The Fame Game
Originally published in the South China Morning Post, Mar 29 2012.
Where do chefs go to grab a bite when they’re not at work? Pavan Shamdasani asks five to name their favourite haunts.
It’s Friday night and you and the significant other are stuck with the weekly dinner dilemma: settle for the same old SoHo staple, or try somewhere new? With an estimated 13,000 to 18,000 restaurants in our fair city, finding a fresh restaurant shouldn’t be as difficult as it usually feels.
With endless openings, closings, renovations and menu revamps, it’s a challenge to discover a new dining experience that truly satisfies. Why not go straight to the source, to the people who spend most of their lives surrounded by food – chefs. After hours, every chef has a restaurant they like to escape to. We talked to five of them. Under the radar Finding a gem among the hundreds of restaurants hidden away among the nooks and niches of our city can be more trouble than it’s worth. But when your entire day revolves around food, you get to know some of the best.
A chef’s day often starts at dawn – David Lai of On Lot 10 heads to Ap Lei Chau’s market every morning to source fresh fish. “It’s full of stubborn, no-nonsense old ladies who know a thing or two about quality and value,” he says. “Near the market is a canteen, Chan Sun Kee, that’ll cook anything you bring them.”
Vicky Cheng of Liberty Private Works prefers the seafood sellers of Tuen Mun. “I was fortunate to be brought to Kwan Choi Kee by a helpful server,” he says. “His family runs it and it’s just a sight to see all the beautiful seafood.
Then it’s off to the kitchen confines for the day – but when lunchtime rolls round, the search for a quick, hearty meal can be challenging for those at the chopping board. Kenny Chan Kwok-keung of Dong Lai Shun heads out for a late lunch at either New Shanghai Spot, where “the dishes are traditional and creative, but suitable for a quick meal”, or Delicious Viet Bistro, where he digs into a plate of sweet-and-sour pork.
Vinny Lauria of Linguini Fini prefers some spicy Sichuan dishes to keep him going. “Chilli Fagara is one of the establishments in town which consistently delivers a great meal at a great value,” he says. “The different levels of heat in the food make it an exciting and challenging meal.
Lai grabs a cheap hot dog loaded with mayo and relish at local favourite Wing Lok Yuen. “They sell these cheap, generic wiener hot dogs, loaded with thick, sweet mayo and relish. It’s next to my doctor’s office, so I always get a couple to reward myself after every visit,” he says. Alternatively, Lai heads for Hop Yick Tai for what he says are the best rice noodle rolls in Hong Kong. “It’s the only place where it tastes remotely like how it used to in my childhood,” he says. “Food is a lot about memories and nostalgia – I understand how fast food has become a symbol of evil, but for me it’s plain old comfort food.”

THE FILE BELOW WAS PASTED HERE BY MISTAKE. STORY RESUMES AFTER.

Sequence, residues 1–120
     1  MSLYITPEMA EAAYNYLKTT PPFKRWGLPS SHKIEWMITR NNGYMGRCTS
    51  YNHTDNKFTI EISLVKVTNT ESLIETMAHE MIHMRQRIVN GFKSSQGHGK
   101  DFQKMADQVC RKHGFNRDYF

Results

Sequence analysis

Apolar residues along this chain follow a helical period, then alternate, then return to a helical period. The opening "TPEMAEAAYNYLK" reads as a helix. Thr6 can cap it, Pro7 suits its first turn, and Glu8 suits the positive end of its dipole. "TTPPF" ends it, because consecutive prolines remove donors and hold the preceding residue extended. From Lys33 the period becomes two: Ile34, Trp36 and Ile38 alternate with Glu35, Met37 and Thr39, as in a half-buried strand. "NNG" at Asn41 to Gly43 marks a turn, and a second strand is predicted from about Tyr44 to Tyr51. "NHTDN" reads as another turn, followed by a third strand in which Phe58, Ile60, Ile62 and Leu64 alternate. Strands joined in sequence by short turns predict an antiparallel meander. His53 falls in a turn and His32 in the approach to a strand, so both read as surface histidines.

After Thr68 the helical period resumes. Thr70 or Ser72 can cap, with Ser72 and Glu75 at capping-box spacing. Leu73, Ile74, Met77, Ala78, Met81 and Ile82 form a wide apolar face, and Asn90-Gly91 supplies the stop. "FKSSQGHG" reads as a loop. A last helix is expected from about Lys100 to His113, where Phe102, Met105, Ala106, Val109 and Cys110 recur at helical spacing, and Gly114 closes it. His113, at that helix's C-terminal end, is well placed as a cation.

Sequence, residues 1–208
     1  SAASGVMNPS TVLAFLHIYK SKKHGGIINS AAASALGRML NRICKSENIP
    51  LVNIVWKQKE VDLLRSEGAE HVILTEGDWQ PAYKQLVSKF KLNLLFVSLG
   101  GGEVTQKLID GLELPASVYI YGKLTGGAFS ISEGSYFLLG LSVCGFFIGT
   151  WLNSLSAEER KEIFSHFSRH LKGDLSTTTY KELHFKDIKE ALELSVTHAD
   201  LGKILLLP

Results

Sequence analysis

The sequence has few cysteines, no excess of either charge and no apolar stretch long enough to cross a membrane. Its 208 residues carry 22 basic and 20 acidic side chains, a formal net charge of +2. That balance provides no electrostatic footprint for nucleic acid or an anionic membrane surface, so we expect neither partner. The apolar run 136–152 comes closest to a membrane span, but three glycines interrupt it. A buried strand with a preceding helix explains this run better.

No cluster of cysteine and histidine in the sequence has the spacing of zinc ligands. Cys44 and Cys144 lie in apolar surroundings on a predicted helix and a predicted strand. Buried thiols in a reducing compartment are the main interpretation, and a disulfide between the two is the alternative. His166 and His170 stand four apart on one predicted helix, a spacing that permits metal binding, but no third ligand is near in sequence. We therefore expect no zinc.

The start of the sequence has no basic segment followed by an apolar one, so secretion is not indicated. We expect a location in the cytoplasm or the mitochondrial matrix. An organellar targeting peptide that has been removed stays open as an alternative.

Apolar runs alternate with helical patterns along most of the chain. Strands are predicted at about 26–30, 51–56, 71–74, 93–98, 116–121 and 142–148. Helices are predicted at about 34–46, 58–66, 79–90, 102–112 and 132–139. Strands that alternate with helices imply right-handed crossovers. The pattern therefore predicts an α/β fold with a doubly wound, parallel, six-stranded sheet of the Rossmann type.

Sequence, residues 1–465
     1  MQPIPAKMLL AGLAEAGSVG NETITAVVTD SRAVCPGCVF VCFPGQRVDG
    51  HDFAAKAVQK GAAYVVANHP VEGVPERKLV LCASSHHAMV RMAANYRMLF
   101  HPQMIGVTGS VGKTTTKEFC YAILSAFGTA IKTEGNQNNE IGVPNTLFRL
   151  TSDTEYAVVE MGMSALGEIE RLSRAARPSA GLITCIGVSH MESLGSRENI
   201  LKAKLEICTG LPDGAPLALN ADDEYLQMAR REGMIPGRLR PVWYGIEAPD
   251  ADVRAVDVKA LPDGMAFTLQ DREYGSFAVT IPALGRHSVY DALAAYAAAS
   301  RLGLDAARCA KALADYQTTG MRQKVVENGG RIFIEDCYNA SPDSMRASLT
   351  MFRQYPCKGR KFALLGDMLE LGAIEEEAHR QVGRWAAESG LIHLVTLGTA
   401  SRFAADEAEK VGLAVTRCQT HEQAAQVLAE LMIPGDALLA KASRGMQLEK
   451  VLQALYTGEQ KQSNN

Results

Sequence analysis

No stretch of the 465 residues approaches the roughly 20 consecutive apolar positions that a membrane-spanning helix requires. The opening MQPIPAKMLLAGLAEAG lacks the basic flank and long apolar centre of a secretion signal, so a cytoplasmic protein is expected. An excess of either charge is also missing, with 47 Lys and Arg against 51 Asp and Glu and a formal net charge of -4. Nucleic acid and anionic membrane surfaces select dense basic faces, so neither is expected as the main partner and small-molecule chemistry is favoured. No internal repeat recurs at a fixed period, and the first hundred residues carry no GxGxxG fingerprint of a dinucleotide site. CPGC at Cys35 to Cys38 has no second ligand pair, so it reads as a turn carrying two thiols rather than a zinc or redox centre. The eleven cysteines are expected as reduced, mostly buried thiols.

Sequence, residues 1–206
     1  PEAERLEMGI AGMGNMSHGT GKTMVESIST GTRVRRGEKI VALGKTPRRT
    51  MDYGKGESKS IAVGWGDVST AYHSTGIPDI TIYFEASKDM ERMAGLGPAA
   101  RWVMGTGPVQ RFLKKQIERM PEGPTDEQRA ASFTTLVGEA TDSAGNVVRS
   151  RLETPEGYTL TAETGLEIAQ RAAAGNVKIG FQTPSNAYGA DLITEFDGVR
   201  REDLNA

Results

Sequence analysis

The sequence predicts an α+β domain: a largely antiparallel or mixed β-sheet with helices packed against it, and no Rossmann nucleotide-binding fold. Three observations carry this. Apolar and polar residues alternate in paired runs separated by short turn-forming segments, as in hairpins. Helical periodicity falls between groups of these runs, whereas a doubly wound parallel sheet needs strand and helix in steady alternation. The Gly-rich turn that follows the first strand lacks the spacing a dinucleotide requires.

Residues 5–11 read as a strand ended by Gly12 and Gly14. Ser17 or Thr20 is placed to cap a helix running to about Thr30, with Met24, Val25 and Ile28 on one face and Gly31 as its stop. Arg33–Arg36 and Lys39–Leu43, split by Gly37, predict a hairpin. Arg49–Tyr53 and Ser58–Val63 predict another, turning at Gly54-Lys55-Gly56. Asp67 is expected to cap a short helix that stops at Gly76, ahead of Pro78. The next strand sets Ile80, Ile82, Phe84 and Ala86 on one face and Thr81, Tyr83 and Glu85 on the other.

Don Zhao Qingmin of Sha Tin 18 shares the homestyle frame of mind, and opts for some Beijing cuisine at The Courtyard. “I always miss the food when I’m away from home, and I take my friends from Beijing there when they visit,” he says.
Clocking out after midnight makes it hard to find some late-night nosh. Cheng often finds himself at Kozy: “It’s a little okonomiyaki restaurant that’s open until 4am,” he says. “I often go with a friend, and always seem to bump into other chef friends hanging out there.
Chan prefers something a little more old-school. “Hing Kee serves fried crab in shelter style,” he says. “Their chefs are very detail minded: they prepare every single ingredient in a perfect way with precision, and you can imagine their attitude towards their fried crab.”Hitting the trendHongkongers love a good trend and chefs are no exception. At present, New York’s dining culture is holding sway with chefs such as Cheng, who used to work in the city under Daniel Boulud, and his time there shows in his liking for both Cafe Gray Deluxe and Angel’s Share.